Life’s a beach (again)
Will the person or persons unknown who stole the beach at Calandre be so good as to return it?
This morning we thought a couple of hours on the beach would be a good idea so we set off early on the bike to avoid the crowds. Calandre is a small strip of beach just outside Ventimiglia, reached by an attractive path half-way up the cliff. Or at least it used to be a strip of beach. Recently it’s been getting narrower and today the waves were just about reaching the wall at the top of the beach.
We didn’t notice this right away, mind. There appeared to be a tide mark just short of the top with a couple of metres of relatively dry sand beyond, and after studying it for a while I made the judgement that the tide was probably going out. So we unpacked the usual paraphernalia – beach mat and towels – propped our bags against the wall just in case, and I went for a dip while Anna enjoyed the morning sun. Yesterday had been rather windy and the sea was still up, much to the delight of the small band of surfers crossing and recrossing the waves, and although swimming was pretty difficult, body-surfing was good fun. The water felt initially cold but after being slapped by a few six-foot waves you don’t notice it.
I returned to the beach for a quiet lie-down but my theory about the tide going out proved wide of the mark and a freak wave appeared, covering all our belongings and those of our neighbours in salt water and sand. So after debating the pros and cons for a while we set off home again, me in a soaking tee-shirt. Just as well the weather is hot.
On the left is a picture taken in November 2007; on the right is today. Is is global warming and sea level rise, I wonder, or just the normal variation in beach height? Perhaps the sand will return of its own accord or maybe we’ve lost this particular beach for good. If current rumours are correct it’s soon to disappear anyway under the new yachting marina due to start construction later this year after a couple of decades of arguments and political in-fighting, but it’s still a shame to see our only local sandy beach vanish without even putting up a fight.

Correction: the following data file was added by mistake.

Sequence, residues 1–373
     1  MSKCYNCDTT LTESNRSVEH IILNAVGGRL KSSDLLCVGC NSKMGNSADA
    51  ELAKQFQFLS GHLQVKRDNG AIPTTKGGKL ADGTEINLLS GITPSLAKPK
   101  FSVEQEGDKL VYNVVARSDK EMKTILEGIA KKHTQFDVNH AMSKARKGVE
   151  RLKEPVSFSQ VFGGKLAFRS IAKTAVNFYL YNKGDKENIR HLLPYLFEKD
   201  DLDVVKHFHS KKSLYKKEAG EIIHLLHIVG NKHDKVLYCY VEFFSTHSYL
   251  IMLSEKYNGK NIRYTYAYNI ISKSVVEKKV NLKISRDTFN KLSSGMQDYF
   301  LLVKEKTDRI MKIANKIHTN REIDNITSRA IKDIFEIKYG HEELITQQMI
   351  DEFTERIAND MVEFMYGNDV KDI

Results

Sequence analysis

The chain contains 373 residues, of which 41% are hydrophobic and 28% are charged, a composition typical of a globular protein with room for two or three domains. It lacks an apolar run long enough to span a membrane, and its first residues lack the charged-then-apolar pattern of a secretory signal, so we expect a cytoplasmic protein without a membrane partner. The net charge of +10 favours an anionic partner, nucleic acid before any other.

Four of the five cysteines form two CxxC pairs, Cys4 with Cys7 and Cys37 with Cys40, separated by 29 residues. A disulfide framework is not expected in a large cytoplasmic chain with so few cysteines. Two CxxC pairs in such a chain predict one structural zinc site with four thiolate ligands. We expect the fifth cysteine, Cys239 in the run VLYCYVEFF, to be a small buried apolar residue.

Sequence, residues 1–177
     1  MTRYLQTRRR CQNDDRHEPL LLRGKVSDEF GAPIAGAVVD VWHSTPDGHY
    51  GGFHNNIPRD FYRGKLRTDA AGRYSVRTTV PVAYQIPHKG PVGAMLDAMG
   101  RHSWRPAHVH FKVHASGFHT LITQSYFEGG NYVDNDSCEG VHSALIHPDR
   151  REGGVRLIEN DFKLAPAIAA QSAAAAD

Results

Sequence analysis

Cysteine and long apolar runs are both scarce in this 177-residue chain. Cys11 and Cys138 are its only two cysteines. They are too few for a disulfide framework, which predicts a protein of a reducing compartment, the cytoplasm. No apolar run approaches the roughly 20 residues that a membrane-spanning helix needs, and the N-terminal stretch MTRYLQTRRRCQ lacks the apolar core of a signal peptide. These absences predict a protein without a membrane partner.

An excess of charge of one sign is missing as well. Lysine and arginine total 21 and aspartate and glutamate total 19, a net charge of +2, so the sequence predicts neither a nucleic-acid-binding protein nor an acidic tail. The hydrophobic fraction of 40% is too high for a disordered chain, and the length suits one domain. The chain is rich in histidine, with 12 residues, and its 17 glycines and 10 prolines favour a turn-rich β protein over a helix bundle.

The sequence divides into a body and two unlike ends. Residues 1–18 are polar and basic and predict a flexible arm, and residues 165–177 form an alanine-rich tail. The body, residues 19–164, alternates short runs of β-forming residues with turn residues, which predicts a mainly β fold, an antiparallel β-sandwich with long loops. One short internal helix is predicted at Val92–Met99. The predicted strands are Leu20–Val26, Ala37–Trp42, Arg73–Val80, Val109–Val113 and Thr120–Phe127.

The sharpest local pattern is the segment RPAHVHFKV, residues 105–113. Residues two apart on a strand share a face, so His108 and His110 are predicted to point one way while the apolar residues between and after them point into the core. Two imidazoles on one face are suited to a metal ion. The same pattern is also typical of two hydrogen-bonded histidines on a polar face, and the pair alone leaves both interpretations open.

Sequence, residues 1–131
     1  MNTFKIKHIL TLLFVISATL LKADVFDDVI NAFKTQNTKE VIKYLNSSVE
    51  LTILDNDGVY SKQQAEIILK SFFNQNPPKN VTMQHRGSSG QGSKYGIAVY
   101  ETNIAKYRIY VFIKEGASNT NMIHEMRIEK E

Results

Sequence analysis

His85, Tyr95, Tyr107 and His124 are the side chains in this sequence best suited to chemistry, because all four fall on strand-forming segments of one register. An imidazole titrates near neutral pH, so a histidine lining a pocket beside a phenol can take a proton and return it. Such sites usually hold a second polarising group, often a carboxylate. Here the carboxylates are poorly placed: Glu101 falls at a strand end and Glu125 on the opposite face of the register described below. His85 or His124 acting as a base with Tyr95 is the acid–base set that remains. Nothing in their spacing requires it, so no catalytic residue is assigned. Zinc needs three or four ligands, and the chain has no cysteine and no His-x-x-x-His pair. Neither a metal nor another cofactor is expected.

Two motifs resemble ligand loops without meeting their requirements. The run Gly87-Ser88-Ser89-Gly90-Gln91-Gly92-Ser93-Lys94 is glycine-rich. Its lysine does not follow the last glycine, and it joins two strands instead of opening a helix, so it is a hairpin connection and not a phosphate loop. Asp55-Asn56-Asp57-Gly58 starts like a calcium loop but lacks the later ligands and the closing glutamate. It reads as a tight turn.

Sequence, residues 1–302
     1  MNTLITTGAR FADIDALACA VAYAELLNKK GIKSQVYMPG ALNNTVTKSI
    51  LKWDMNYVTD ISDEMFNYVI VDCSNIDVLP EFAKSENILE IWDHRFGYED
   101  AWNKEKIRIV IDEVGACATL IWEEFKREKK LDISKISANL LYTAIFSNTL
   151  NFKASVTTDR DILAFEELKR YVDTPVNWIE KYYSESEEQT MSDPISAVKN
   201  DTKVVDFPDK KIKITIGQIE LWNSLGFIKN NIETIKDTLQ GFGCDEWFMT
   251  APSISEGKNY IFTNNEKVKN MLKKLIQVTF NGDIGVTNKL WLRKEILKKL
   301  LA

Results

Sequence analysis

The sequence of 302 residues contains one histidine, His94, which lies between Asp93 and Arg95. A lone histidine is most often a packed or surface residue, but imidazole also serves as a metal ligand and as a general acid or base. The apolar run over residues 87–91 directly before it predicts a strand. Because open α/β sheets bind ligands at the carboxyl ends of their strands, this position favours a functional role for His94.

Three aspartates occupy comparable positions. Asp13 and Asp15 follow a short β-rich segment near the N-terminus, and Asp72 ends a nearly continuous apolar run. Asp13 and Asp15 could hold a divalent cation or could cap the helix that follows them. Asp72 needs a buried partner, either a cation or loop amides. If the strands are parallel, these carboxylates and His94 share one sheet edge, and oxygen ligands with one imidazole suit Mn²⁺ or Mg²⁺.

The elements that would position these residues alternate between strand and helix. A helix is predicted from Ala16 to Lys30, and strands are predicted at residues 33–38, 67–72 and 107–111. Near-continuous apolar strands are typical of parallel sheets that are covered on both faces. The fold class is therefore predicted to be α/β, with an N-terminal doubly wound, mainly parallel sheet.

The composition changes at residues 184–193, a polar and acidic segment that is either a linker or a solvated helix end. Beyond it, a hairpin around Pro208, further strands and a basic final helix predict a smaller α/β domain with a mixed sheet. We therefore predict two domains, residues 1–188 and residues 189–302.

The freshwater alternative
Freak waves and disappearing beaches aren’t a problem at Ballestra, a pile of rocks and a deep pool on the Bevera river a half-hour’s walk upstream from our village. It’s a popular spot for the locals and the few outsiders who know about it; you can swim in the mountain stream – surprisingly not as cold as you might imagine – or loll about and chat. We strolled up there yesterday afternoon and found a quiet stretch of river to dip our toes in.
Where have all the tourists gone?
As we travel around the area it seems this year is quiet. Really quiet. The car park in our village that last year was full to overflowing every weekend now has spaces at any time. Similar evidence can be found elsewhere that the tourists are staying at home in droves. Shopkeepers wait all day for a customer and even parking is occasionally possible. I hear tickets for the Monaco Grand Prix were being given away at the end and that apartments remained un-let. This is unprecedented and serves to demonstrate that, far from being recession-proof as many were claiming last winter, the Riviera is suffering from the cold economic winds too. However, the general opinion is still upbeat, with the expectation that next year will see the good times return, and many companies are no doubt already quietly celebrating the demise of their competitors.